Holding that he was “satisfied the public interest is in favour of granting an order”, the judge added that “there is a need to protect the public from terrorist activity”. Under the Order, the BBC is required to deliver material arising out of three episodes in the series, including both broadcast and un-broadcast material on the condition that it is “only to be used for the purposes of a terrorist investigation and any subsequent prosecution” and is “to be retained by the PSNI.”
In reaching his decision, the judge acknowledged that the Article 10 right of “free and investigative journalism are significantly to be respected”.
In a statement, the BBC said that as a matter of policy it does not, “supply un-transmitted material without a court order and where a judge is satisfied the relevant high threshold tests for the disclosure of journalistic material are met.”
West Midlands Police previously failed in their attempt, under the Terrorism Act, to require Chris Mullin to hand over journalist material concerning his investigations into the Birmingham pub bombings in 1974. The court in the Mullin case concluded that it did not “find an overriding public interest to displace the journalistic source protection right”.
Under UK law, material acquired or created for the purposes of journalism e.g. notebooks and rushes, are given special protection from seizure by the police by the Police and Criminal Evidence Act 1984 or ‘PACE’ as it is better known. If police want to get their hands on such material, they must apply to a judge for a ‘production order’. The court will only order that material is handed over if certain conditions are met, including that the court is satisfied that the material would be of ‘substantial value’ to an investigation into a serious offence, and that it would be in the public interest for the material to be handed over. Under PACE, so-called ‘excluded material’ – which includes journalistic material held in confidence e.g. from a source promised complete anonymity – is generally exempt from compulsory surrender, meaning that in most cases the police cannot seize it.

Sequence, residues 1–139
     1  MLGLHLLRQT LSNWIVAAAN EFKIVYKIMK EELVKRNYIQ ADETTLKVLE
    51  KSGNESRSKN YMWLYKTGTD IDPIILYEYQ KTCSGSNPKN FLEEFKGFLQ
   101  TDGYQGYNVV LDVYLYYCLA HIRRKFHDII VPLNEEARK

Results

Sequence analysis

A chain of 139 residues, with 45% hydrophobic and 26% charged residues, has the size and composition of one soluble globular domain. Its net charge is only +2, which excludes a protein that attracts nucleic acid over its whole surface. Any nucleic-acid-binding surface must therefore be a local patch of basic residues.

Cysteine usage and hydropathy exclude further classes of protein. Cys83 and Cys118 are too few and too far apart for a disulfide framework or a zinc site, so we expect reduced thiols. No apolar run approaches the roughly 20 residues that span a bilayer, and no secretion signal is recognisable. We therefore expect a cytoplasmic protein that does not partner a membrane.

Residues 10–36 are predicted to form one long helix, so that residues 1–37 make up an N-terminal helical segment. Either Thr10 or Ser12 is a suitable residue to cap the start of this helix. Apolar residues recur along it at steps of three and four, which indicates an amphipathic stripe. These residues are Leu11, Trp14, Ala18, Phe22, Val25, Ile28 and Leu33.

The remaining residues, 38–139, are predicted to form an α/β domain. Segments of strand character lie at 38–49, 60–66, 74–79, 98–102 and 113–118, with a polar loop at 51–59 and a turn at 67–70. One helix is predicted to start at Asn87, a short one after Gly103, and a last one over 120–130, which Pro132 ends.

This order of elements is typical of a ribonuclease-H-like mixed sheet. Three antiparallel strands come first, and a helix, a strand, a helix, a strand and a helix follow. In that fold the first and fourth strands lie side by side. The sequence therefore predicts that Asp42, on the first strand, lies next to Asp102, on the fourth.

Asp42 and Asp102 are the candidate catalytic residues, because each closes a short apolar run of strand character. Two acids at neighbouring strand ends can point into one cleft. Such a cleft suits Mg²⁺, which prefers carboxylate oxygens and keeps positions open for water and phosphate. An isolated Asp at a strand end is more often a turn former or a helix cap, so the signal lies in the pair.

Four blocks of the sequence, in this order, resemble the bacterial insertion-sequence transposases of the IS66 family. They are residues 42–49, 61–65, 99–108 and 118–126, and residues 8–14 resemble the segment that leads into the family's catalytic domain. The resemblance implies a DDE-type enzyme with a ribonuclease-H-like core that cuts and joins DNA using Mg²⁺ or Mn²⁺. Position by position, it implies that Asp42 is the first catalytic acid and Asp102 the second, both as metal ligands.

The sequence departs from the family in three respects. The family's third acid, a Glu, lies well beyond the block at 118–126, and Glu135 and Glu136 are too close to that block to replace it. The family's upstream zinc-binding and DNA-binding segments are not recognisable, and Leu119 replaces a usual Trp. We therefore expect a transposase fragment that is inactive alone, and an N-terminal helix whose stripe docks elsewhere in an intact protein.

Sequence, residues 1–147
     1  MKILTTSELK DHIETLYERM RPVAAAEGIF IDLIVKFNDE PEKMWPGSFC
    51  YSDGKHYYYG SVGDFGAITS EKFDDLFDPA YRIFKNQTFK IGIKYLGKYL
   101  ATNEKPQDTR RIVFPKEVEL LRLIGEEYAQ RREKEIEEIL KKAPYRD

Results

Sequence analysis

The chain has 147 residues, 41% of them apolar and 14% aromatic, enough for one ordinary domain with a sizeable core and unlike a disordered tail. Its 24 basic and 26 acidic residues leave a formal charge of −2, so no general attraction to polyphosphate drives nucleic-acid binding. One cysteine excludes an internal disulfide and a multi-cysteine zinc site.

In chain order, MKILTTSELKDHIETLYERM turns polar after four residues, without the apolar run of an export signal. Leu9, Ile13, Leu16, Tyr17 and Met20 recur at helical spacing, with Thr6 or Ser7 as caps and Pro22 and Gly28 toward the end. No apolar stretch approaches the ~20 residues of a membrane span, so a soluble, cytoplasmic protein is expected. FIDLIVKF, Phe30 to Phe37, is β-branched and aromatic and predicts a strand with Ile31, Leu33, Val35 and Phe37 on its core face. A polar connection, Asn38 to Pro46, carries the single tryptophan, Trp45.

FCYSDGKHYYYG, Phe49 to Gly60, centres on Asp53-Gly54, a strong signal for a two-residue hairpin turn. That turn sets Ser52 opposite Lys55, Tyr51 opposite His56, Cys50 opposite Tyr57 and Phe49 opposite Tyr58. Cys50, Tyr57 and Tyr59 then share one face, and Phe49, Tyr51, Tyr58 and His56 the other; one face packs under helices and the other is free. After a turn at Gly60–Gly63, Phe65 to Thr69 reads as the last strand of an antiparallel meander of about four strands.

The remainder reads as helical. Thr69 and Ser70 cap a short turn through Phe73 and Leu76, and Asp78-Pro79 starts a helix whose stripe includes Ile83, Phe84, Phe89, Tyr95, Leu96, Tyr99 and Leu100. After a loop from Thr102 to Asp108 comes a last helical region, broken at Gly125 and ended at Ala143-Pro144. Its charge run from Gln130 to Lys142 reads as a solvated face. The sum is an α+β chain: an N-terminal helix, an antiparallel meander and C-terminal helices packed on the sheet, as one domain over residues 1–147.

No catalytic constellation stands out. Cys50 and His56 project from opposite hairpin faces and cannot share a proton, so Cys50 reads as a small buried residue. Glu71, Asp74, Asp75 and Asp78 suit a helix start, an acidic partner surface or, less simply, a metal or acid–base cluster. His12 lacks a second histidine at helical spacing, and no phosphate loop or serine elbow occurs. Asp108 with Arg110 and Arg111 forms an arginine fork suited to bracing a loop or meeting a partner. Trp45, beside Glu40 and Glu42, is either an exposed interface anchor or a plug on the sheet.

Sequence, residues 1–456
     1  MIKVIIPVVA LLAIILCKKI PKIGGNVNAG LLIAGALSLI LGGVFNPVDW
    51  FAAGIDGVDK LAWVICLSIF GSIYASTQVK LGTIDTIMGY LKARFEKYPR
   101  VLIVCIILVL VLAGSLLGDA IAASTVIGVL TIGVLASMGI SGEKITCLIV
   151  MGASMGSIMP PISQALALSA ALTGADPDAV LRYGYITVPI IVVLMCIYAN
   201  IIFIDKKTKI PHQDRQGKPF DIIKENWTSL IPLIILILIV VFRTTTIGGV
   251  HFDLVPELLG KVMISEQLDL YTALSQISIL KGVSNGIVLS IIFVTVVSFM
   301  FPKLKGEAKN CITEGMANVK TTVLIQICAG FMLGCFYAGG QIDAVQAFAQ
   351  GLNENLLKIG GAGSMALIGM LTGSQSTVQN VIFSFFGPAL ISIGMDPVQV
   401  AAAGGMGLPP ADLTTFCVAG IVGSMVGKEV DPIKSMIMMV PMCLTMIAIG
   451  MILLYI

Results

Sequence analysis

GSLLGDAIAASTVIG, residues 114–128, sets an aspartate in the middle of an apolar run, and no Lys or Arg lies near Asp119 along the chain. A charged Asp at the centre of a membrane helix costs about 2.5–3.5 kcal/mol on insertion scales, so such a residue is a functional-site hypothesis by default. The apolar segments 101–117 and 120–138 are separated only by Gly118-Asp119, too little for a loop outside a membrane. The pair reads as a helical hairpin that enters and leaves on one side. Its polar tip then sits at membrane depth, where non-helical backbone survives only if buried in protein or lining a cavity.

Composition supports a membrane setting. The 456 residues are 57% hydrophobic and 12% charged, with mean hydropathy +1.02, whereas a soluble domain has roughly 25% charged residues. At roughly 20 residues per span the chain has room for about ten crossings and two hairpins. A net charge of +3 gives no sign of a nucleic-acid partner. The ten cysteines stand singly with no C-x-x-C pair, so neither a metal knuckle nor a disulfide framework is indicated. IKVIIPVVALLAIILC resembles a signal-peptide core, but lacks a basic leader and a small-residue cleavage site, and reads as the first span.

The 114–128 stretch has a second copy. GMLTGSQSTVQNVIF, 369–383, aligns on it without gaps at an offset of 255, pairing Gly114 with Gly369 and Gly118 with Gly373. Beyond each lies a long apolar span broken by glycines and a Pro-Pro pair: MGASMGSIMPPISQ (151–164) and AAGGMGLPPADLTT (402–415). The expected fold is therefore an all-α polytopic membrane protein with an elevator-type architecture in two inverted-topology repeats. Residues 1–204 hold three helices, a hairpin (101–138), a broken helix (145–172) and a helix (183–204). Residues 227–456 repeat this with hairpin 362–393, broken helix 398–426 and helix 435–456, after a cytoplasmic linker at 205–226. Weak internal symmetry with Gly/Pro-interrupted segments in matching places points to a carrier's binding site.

There are special provisions, however, when it comes to material held by the media relating to terrorist offences, which make it easier for the police to seize. When it comes to terrorist offences, the law states that, even for excluded material (journalistic material held in confidence), a court should order that it be handed over to the police where the judge is satisfied that there are reasonable grounds for believing the material will be of ‘substantial value’ to an investigation, and where it is in the public interest to do so.